***** This file should be named 39942-h.htm or *****
This and all associated files of various formats will be found in:

Produced by Al Haines

Updated editions will replace the previous one--the old editions
will be renamed.

Creating the works from public domain print editions means that no
one owns a United States copyright in these works, so the Foundation
(and you!) can copy and distribute it in the United States without
permission and without paying copyright royalties.  Special rules,
set forth in the General Terms of Use part of this license, apply to
copying and distributing Project Gutenberg-tm electronic works to
protect the PROJECT GUTENBERG-tm concept and trademark.  Project
Gutenberg is a registered trademark, and may not be used if you
charge for the eBooks, unless you receive specific permission.  If you
do not charge anything for copies of this eBook, complying with the
rules is very easy.  You may use this eBook for nearly any purpose
such as creation of derivative works, reports, performances and
research.  They may be modified and printed and given away--you may do
practically ANYTHING with public domain eBooks.  Redistribution is
subject to the trademark license, especially commercial



To protect the Project Gutenberg-tm mission of promoting the free
distribution of electronic works, by using or distributing this work
(or any other work associated in any way with the phrase "Project
Gutenberg"), you agree to comply with all the terms of the Full Project
Gutenberg-tm License available with this file or online at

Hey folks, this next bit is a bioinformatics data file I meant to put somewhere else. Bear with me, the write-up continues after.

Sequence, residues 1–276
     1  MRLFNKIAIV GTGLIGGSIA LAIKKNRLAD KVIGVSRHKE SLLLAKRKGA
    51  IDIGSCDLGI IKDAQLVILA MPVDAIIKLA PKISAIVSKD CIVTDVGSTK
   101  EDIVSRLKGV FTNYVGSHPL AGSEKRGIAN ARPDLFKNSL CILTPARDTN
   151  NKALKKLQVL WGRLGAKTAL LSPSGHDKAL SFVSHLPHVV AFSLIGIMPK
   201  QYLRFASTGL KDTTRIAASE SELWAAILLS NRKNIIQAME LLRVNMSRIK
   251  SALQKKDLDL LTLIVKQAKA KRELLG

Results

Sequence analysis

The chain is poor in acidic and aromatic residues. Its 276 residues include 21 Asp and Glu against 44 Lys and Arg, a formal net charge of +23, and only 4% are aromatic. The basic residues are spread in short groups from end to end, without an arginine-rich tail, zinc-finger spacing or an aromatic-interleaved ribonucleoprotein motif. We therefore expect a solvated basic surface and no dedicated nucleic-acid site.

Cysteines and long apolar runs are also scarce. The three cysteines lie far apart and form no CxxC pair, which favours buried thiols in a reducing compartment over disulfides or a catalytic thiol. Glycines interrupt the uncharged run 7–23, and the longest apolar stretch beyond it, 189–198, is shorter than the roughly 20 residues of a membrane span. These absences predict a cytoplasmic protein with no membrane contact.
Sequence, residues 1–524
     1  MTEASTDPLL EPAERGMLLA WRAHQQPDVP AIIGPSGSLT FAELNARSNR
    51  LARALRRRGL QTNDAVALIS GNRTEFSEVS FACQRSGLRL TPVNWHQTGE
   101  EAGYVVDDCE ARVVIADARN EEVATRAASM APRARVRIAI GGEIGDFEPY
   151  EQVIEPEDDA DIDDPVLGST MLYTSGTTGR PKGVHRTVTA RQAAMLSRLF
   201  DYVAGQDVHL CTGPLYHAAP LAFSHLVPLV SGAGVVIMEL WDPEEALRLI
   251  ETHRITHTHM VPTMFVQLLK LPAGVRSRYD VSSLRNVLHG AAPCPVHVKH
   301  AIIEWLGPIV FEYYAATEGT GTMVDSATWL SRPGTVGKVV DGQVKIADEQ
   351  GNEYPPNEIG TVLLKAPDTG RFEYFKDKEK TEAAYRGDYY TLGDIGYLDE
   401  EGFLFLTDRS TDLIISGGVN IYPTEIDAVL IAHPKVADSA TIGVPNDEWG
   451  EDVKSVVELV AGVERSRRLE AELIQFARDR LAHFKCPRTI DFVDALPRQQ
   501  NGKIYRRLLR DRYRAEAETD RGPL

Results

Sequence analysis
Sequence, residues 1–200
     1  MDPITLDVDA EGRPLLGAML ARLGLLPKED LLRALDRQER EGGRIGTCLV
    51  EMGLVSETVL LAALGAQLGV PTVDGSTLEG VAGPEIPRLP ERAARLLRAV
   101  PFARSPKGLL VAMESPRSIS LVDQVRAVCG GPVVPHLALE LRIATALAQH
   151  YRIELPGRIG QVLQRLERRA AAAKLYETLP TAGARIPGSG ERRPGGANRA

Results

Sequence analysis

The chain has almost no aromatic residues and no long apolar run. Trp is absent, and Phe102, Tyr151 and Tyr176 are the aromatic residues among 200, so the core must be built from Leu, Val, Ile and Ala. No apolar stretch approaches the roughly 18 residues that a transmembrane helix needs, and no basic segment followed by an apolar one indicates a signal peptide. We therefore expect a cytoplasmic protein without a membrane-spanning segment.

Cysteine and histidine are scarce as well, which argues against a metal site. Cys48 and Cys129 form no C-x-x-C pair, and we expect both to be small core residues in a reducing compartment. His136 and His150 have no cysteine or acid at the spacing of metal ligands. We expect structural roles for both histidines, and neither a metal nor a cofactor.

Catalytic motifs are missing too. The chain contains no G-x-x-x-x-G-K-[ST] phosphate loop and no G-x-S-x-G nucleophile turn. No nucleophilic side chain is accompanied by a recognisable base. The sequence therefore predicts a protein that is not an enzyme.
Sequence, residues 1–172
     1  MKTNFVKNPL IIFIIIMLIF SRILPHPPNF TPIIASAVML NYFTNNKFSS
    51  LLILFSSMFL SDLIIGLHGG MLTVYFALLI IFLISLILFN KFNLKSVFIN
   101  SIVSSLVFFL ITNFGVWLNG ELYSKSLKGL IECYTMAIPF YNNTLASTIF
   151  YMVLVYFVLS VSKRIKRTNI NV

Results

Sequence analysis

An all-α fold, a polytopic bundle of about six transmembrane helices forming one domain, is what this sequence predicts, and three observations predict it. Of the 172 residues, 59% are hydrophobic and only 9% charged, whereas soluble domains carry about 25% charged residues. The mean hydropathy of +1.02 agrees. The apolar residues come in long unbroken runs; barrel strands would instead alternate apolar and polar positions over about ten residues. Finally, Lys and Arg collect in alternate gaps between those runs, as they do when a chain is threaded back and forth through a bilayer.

Section 1.  General Terms of Use and Redistributing Project Gutenberg-tm
electronic works

1.A.  By reading or using any part of this Project Gutenberg-tm
electronic work, you indicate that you have read, understand, agree to
and accept all the terms of this license and intellectual property
(trademark/copyright) agreement.  If you do not agree to abide by all
the terms of this agreement, you must cease using and return or destroy
all copies of Project Gutenberg-tm electronic works in your possession.
If you paid a fee for obtaining a copy of or access to a Project
Gutenberg-tm electronic work and you do not agree to be bound by the
terms of this agreement, you may obtain a refund from the person or
entity to whom you paid the fee as set forth in paragraph 1.E.8.

1.B.  "Project Gutenberg" is a registered trademark.  It may only be
used on or associated in any way with an electronic work by people who
agree to be bound by the terms of this agreement.  There are a few
things that you can do with most Project Gutenberg-tm electronic works
even without complying with the full terms of this agreement.  See
paragraph 1.C below.  There are a lot of things you can do with Project
Gutenberg-tm electronic works if you follow the terms of this agreement
and help preserve free future access to Project Gutenberg-tm electronic
works.  See paragraph 1.E below.

1.C.  The Project Gutenberg Literary Archive Foundation ("the Foundation"
or PGLAF), owns a compilation copyright in the collection of Project
Gutenberg-tm electronic works.  Nearly all the individual works in the
collection are in the public domain in the United States.  If an
individual work is in the public domain in the United States and you are
located in the United States, we do not claim a right to prevent you from
copying, distributing, performing, displaying or creating derivative
works based on the work as long as all references to Project Gutenberg
are removed.  Of course, we hope that you will support the Project
Gutenberg-tm mission of promoting free access to electronic works by
freely sharing Project Gutenberg-tm works in compliance with the terms of